An inquiry at the Medical Council heard yesterday about the devastating effects cerebral palsy has had on a 2-year-old boy and his family.
A paediatric expert also told the inquiry the boy fully met the criteria for an important cooling treatment which he did not receive on the night he was born.
The fitness to practice inquiry into consultant paediatrician Mohammad Ilyas Khan continued yesterday at the Medical Council in Dublin. The allegations claim that Dr Khan, who was working at South Tipperary General Hospital in 2012, did not put an adequate treatment plan in place following the baby’s birth and diagnosis of hypoxic ischaemic encephalopathy (hypoxia), or lack of oxygen to the brain.
Specifically, it is alleged Dr Khan failed to make sufficient arrangements so that the baby, referred to as ‘BT’ throughout the inquiry, could receive hypothermic, or ‘cooling’, treatment.
BT, who was born on June 15, 2012, suffered brain damage due to lack of oxygen and now has cerebral palsy.
Yesterday, Adela Vatca, who was working as an SHO at South Tipperary General Hospital on the night BT was born, said she and a midwife performed CPR on him as he was blue and not breathing. Dr Vatca said did not see the baby seizing at any point.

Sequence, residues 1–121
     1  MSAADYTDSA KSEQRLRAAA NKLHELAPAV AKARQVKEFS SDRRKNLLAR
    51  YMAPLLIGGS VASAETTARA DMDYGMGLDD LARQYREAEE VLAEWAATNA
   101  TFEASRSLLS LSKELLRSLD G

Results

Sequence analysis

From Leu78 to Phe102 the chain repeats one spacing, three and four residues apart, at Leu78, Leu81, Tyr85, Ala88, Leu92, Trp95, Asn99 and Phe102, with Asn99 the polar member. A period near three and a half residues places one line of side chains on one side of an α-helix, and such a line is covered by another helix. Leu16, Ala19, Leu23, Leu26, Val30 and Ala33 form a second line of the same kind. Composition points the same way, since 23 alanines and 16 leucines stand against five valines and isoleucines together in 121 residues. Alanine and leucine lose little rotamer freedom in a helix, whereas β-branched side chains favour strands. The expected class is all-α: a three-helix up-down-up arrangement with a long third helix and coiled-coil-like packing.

Dr Khan prescribed phenobarbitone at around 12.30am on June 16. The anti-seizure medication is usually prescribed for seizures, although, prior to 10 years ago, it was also prescribed to sedate a baby.
Dr Vatca said she did not ask why BT was given anti-seizure medication. “It was not my decision,” she said.
said he first met BT when he was three weeks old, shortly after he was released from the National Maternity Hospital, where he was transferred to two days after he was born.
Dr Walsh formally diagnosed BT with evolving cerebral palsy last month.
BT began to walk just before his second birthday and continues to walk with a ‘broad-based gait’, or a wide stance, because he remains a little unsteady on his feet.
In terms of language, he has a good understanding of what is said to him “but his expressive language is a bit delayed”, said Dr Walsh.
When asked about BT’s future prospects, Dr Walsh said: “It’s impossible to predict, really.”
A committee member asked Dr Walsh whether the prescription of phenobarbitone could mask signs or symptoms, such as jerky movements, of potential issues. Yes, it could, he replied.
Retired paediatric expert Kevin Connolly
said yesterday BT fit the criteria set out in national guidelines for the cooling treatment.
Research has found the cooling treatment, in which a baby’s body temperature is cooled using special mats, can potentially reduce the extent of brain damage in full term infants following a lack of oxygen to the brain.
Dr Khan is expected to speak today, when the inquiry continues.
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